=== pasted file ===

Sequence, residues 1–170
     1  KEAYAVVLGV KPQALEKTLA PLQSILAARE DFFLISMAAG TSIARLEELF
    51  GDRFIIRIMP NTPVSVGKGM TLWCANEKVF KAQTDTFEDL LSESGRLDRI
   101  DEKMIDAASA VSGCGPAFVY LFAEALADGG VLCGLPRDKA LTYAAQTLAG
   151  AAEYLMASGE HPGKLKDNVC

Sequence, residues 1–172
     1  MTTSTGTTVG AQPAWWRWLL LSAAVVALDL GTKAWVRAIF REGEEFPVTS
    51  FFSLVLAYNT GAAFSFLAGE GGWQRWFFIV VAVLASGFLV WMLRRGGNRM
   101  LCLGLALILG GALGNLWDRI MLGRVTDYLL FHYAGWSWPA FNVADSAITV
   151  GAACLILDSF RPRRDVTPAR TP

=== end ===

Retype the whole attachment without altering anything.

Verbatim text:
Sequence, residues 1–170
     1  KEAYAVVLGV KPQALEKTLA PLQSILAARE DFFLISMAAG TSIARLEELF
    51  GDRFIIRIMP NTPVSVGKGM TLWCANEKVF KAQTDTFEDL LSESGRLDRI
   101  DEKMIDAASA VSGCGPAFVY LFAEALADGG VLCGLPRDKA LTYAAQTLAG
   151  AAEYLMASGE HPGKLKDNVC

Sequence, residues 1–172
     1  MTTSTGTTVG AQPAWWRWLL LSAAVVALDL GTKAWVRAIF REGEEFPVTS
    51  FFSLVLAYNT GAAFSFLAGE GGWQRWFFIV VAVLASGFLV WMLRRGGNRM
   101  LCLGLALILG GALGNLWDRI MLGRVTDYLL FHYAGWSWPA FNVADSAITV
   151  GAACLILDSF RPRRDVTPAR TP